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Old 03-30-2013, 09:36 PM
 
Location: Stephenville, Texas
1,073 posts, read 1,796,899 times
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Could you ask to go to a 4 hour shift? That way you could spread the 16 hours into four days and probably wouldn't be quite as tired.
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Old 03-31-2013, 09:41 PM
 
22,660 posts, read 24,589,306 times
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Improve your health and start working more.
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Old 04-02-2013, 10:51 AM
 
Location: Central Ohio
10,834 posts, read 14,932,942 times
Reputation: 16587
Quote:
Originally Posted by jlawrence01 View Post
I guess that you don't remember the 1979-1982 time period when unemployment rates were higher than they are now, when interest rates on home mortgages were 12%+ on a FIXED mortgage, and a car note was closer to 17% if you had excellent credit and inflation rates were much higher.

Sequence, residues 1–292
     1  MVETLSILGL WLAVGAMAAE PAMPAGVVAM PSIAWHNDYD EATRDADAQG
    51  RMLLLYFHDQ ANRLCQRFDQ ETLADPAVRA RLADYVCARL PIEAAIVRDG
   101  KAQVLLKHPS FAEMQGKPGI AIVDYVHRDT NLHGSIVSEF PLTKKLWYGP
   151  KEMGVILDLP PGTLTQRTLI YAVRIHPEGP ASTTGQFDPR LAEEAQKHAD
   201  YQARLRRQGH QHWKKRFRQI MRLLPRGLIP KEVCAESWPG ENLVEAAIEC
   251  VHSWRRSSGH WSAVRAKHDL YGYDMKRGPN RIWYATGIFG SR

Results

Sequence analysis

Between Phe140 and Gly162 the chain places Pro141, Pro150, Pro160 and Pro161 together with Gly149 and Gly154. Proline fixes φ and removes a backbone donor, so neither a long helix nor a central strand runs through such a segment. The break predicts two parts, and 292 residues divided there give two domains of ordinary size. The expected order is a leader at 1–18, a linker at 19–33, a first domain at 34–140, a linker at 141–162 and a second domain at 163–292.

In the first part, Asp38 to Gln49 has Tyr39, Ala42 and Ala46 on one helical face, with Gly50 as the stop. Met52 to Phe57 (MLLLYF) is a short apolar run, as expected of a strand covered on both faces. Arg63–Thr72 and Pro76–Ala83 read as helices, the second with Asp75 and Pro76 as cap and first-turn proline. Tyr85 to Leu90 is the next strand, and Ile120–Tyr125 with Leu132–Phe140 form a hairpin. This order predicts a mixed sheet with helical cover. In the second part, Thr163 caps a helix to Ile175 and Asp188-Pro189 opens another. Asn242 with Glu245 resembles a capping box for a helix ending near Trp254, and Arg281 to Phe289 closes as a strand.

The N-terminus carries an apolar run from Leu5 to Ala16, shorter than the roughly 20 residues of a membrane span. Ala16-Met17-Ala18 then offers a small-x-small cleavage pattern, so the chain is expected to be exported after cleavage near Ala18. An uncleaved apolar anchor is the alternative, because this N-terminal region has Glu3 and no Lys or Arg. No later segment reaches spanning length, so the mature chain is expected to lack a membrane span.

That was 30 years ago and to even remember the awfulness of it you would have to be 40 years old today.

I hate to tell the anti-boomer crowd it was worse in 1981 than it has been the last five years.
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Old 04-02-2013, 11:12 AM
 
16,393 posts, read 30,273,687 times
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Originally Posted by nicet4 View Post
That was 30 years ago and to even remember the awfulness of it you would have to be 40 years old today.

I hate to tell the anti-boomer crowd it was worse in 1981 than it has been the last five years.